Upravljanje kućom, domaćinstvo, celishodno uređenje; gazdinstvo, imanje, dobro; štednja, štedljivost, razumno iskorišćavanje dobara i snage; privreda, poljoprivreda, nauka o privredi, poljoprivredi, o organizaciji proizvodnje, po načelu: što veći uspeh sa što manjim sredstvima, tj. postizanje cilja što manjom upotrebom snage. (grč.)
ETYM Greek oikonomika, equiv. to oikonomia.
Related to Economic.
The branch of social science that deals with the production and distribution and consumption of goods and services and their management; SYN. economic science, political economy.
Social science devoted to studying the production, distribution, and consumption of wealth. It consists of the disciplines of microeconomics, the study of individual producers, consumers, or markets, and macroeconomics, the study of whole economies or systems (in particular, areas such as taxation and public spending).
Economics is the study of how, in a given society, choices are made in the allocation of resources to produce goods and services for consumption, and the mechanisms and principles that govern this process. Economics seeks to apply scientific method to construct theories about the processes involved and to test them against what actually happens. Its two central concerns are the efficient allocation of available resources and the problem of reconciling finite resources with a virtually infinite desire for goods and services. Economics analyses the ingredients of economic efficiency in the production process, and the implications for practical policies, and examines conflicting demands for resources and the consequences of whatever choices are made, whether by individuals, enterprises, or governments.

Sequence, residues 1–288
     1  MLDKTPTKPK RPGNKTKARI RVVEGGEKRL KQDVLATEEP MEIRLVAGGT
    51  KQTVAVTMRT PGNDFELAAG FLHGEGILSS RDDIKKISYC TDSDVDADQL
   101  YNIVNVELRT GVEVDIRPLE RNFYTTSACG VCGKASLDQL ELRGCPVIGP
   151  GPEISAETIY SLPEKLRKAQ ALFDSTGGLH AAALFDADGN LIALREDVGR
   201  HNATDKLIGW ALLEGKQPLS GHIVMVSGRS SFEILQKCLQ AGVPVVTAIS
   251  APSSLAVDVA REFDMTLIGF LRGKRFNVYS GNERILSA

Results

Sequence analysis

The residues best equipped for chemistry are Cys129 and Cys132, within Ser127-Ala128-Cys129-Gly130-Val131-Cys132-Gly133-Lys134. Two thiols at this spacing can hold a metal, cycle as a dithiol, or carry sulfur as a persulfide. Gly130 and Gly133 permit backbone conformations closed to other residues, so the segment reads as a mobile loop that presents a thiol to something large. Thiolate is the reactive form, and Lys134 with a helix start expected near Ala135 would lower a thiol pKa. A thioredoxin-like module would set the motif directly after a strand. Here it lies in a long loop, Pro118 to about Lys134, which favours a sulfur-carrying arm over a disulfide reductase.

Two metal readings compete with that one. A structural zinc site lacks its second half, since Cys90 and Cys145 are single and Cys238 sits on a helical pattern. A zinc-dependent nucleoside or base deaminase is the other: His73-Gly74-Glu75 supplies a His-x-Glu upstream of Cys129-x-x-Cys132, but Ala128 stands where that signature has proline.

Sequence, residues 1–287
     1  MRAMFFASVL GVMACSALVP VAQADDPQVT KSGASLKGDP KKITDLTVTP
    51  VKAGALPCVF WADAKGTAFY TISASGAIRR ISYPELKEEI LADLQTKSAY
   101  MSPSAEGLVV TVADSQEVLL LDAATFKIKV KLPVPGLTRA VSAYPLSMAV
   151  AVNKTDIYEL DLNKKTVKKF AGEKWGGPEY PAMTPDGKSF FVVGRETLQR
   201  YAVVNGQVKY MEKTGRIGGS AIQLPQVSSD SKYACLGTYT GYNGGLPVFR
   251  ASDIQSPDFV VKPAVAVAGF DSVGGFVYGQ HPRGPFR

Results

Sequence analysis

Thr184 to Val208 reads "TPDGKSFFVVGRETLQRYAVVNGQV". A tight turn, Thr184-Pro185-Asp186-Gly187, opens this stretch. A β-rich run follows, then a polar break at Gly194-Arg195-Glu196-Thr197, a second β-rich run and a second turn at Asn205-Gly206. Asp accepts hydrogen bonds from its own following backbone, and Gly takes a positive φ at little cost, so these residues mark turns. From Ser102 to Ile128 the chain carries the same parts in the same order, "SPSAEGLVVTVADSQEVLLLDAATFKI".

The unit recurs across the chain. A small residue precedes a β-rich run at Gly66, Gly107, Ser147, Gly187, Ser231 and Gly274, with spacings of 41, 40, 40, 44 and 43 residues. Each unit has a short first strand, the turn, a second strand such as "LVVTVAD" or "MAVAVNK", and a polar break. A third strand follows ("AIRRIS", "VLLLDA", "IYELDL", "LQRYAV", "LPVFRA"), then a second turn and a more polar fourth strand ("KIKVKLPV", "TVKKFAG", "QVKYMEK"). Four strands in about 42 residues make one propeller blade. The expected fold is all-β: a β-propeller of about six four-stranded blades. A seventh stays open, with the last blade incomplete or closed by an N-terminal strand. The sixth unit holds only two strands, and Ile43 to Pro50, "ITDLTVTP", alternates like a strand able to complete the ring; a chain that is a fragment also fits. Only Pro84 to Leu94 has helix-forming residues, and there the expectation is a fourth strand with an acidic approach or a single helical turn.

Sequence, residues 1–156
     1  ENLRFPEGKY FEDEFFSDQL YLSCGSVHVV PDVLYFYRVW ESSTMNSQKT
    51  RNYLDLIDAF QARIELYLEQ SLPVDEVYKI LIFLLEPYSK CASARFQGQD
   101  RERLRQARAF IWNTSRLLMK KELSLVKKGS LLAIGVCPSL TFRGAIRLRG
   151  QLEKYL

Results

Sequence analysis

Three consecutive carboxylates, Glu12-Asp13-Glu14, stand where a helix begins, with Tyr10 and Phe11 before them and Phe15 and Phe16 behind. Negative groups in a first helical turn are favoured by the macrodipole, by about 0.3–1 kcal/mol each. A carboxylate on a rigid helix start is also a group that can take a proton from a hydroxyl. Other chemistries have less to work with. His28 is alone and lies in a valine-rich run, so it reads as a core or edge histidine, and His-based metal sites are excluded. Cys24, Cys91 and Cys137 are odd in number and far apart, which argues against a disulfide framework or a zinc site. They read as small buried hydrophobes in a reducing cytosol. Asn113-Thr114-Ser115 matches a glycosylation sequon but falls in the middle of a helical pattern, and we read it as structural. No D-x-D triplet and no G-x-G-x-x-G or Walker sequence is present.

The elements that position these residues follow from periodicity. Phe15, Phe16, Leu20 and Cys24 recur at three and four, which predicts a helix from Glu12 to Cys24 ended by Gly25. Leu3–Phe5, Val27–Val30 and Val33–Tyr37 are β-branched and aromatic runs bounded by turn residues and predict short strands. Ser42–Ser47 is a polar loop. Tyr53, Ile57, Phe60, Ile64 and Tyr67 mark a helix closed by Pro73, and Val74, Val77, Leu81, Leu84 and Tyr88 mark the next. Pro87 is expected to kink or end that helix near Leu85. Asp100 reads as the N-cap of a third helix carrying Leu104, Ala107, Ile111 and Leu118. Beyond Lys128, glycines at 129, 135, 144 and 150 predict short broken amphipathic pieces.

Microeconomics and macroeconomics frequently overlap. They include the subdiscipline of econometrics, which analyses economic relationships using mathematical and statistical techniques. Increasingly sophisticated econometric methods are today being used for such topics as economic forecasting. Pioneers in this field include Ragnar Frisch and Leonid Kantorovich.
Economics aims to be either positive, presenting objective and scientific explanations of how an economy works, or normative, offering prescriptions and recommendations on what should be done to cure perceived ills.
However, almost inevitably, value judgments are involved in all economists' formulations.
Economics came of age as a separate area of study with the publication of Adam Smith’s The Wealth of Nations 1776; the economist Alfred Marshall (1842–1924) established the orthodox position of neo-classical economics, which, as modified by John Maynard Keynes, remains the standard today. Major economic thinkers include David Ricardo, Thomas Malthus, J S Mill, Karl Marx, Vilfredo Pareto, and Milton Friedman.
ETYM French économie, Latin oeconomia household management, from Greek oikonomia, from oikonomos one managing a household; oikos house (akin to Latin vicus village, Eng. vicinity) + nomos usage, law, rule, from nemein to distribute, manage. Related to Vicinity, Nomad.
1. An act of economizing; reduction in cost; or; SYN. saving.
2. Frugality in the expenditure of money or resources; SYN. thriftiness.
3. The efficient use of resources.
4. The system of production and distribution and consumption; SYN. economic system.